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Holding shippers accountable in the ELD era

Commercial truck carriers and drivers have been bound by the constraints of the hours of service (HOS) rules for quite some time now. It’s not exactly breaking news that these rules have been a challenge for all key players in the industry.

But now, in the era of full enforcement of the electronic logging device (ELD) mandate, where do shippers fit into all of this? And how important is it that they be held accountable for long wait and loading times going forward?

“Whenever I talk to somebody, especially shippers, some don’t understand what’s going on and why all of a sudden this is impacting everything and what we’ve been doing for them,” explained Gary Cardenas, CEO and president of TOC Logistics.

Cardenas, who has worked in international freight forwarding and with North American 3PLs for the last 30 years, started TOC Logistics back in 2009 as a logistics management organization.

“There’s a lack of capacity when it comes to drivers,” Cardenas said, noting that the driver shortage is only expected to worsen under these regulations. “You’ve got a lot of baby boomers that have been truck drivers that are retiring or it’s gotten too difficult to go ahead and make a buck or to run the miles needed to live their lifestyle.”

So, if shippers want to remain competitive in this era of electronic logs, there are some challenges they'll need to overcome, particularly for carriers and drivers.

Shippers are now obligated to watch the clock because they are cutting into the drivers’ driving time. And one delay will end up having a ripple effect on everything.

“These shippers really need to stay a little bit more focused when they’re ordering a truck to come in,” Cardenas said. “They have to make sure they’re not taking an hour or two hours to get trucks in and get them out loaded, especially if they’re looking for a specific transit time to be made.”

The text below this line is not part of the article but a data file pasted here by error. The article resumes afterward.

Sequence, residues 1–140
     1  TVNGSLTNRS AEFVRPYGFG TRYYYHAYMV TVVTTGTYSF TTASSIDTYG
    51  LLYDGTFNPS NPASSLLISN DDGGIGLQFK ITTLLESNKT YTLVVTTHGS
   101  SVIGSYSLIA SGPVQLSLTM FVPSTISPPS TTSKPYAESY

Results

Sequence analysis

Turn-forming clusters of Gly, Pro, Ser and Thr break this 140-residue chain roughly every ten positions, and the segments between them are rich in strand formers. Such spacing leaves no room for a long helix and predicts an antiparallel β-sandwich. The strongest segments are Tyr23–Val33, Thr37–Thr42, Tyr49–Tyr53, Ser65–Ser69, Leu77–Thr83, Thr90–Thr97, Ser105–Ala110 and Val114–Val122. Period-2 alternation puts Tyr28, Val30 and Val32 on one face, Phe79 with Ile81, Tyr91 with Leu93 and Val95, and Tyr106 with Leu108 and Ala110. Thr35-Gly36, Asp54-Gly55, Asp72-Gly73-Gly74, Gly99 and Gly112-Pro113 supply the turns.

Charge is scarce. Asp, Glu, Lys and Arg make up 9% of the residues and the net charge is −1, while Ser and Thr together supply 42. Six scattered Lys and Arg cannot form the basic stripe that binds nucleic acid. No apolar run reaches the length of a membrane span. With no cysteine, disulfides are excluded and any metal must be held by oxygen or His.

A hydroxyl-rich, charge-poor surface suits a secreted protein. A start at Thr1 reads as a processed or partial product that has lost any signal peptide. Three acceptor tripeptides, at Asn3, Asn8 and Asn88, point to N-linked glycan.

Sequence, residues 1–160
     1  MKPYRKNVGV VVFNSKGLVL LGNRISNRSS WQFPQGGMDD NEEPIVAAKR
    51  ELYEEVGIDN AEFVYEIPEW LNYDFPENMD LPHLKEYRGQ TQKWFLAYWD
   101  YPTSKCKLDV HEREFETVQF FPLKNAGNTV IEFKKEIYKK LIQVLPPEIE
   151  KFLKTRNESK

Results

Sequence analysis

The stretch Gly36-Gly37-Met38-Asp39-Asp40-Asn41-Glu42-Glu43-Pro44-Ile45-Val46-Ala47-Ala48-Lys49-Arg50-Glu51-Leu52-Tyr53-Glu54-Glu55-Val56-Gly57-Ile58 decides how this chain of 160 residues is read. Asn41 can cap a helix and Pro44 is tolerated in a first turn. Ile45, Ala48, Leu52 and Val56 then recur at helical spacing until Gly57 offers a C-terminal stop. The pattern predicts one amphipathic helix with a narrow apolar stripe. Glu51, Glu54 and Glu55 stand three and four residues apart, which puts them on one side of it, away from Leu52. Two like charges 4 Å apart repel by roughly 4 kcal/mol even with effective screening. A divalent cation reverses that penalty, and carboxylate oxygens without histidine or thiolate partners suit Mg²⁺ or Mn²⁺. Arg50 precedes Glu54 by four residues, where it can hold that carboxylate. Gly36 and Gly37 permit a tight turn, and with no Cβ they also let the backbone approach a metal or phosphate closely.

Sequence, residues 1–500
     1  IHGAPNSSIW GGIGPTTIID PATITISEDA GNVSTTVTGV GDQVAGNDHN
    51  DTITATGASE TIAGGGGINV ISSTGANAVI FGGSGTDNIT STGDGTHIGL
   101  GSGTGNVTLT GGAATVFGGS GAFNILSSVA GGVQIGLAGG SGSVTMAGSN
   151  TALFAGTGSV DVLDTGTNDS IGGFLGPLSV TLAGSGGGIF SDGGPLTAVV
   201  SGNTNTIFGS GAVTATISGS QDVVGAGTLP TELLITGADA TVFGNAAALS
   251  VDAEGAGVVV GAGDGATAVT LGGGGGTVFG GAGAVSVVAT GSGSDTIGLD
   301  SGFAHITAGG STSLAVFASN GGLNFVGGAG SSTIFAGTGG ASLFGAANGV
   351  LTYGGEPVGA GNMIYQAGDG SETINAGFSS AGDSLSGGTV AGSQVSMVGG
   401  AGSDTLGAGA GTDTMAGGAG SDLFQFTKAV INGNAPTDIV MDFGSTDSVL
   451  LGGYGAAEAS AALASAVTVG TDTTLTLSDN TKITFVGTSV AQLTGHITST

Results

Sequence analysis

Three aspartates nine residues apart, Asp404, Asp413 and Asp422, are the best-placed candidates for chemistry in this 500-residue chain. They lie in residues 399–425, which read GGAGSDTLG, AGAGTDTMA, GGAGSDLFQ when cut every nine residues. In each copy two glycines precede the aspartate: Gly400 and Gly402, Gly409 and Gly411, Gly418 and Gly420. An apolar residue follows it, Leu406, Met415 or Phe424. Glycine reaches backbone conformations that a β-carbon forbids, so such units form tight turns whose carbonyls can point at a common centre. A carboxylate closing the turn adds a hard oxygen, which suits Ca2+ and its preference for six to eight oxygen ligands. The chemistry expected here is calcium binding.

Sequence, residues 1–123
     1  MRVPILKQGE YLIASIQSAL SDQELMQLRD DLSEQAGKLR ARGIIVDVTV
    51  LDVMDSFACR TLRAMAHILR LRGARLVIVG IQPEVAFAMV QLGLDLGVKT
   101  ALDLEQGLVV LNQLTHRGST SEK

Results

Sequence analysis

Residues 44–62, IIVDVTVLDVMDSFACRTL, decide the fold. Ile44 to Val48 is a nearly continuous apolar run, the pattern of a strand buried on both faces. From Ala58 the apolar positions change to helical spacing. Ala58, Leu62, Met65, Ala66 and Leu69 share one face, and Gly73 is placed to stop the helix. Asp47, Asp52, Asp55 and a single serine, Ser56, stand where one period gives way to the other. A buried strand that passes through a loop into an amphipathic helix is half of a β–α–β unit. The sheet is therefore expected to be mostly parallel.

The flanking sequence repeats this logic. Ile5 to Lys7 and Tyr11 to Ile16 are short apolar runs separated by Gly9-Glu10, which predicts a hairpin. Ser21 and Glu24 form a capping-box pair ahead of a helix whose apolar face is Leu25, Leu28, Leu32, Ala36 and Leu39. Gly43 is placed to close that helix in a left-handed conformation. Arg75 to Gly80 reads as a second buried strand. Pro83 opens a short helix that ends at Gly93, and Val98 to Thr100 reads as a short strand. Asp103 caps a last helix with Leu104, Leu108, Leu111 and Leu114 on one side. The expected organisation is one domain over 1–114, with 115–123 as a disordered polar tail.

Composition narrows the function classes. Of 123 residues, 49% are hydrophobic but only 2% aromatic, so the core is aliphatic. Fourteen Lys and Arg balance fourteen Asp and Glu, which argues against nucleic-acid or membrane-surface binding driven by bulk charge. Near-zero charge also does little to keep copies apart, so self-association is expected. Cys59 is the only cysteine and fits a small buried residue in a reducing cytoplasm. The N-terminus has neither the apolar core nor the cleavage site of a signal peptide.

On top of that, shippers should keep an eye on when they are ordering and releasing cargo because previous pickups will impact the next pickup for drivers. Shippers should also be concerned about the capacity crunch and trucks “falling off the road” to take higher paying loads, Cardenas explained.

“You want to be with a provider that has built long, vested relationships with multiple carriers, so when push comes to shove, they’re working on your behalf because of the relationship that you’ve built throughout the years,” he added. “Some of these drivers will refuse to pick up a load when they know they’ve had challenges with certain shippers.”

And then there’s the detention problem, which has been a major headache and concern for drivers under strict enforcement of the ELD mandate. Many carriers are now beginning to charge shippers directly for detention time and delays of more than an hour or two.

Because of this, Cardenas noted, some shippers are dropping their wait and load times, though no particular standards have been etched in stone at this point.

“Carriers are [charging detention] to compensate the drivers because drivers are taking a hit now because they are not able to drive as many hours as they were before the ELD mandate,” Cardenas pointed out.

When will all the ELD hype settle down?

“I don’t see it ending anytime soon,” Cardenas said. “I could see this going into next year 2019. I think the capacity crunch is going to be there for a while. Because of the lack of drivers and you have companies scrambling to get driverless trucks.”

“The lack of drivers is key,” he added. “We’re going out there a trying to recruit drivers ourselves with our sister fleet company, and it’s a challenge because everybody is paying them [sign-on] bonuses and giving them a higher rate-per-mile.”

When it comes to enforcement, Cardenas expects patrolling will be highest along major roads and state arteries where the largest amount of heavy-truck traffic moves through.

“This is not going to be over anytime soon, nor are we going to know when this is going to smooth out and going to start determining what the new normal is going to wind up being,” Cardenas stressed.

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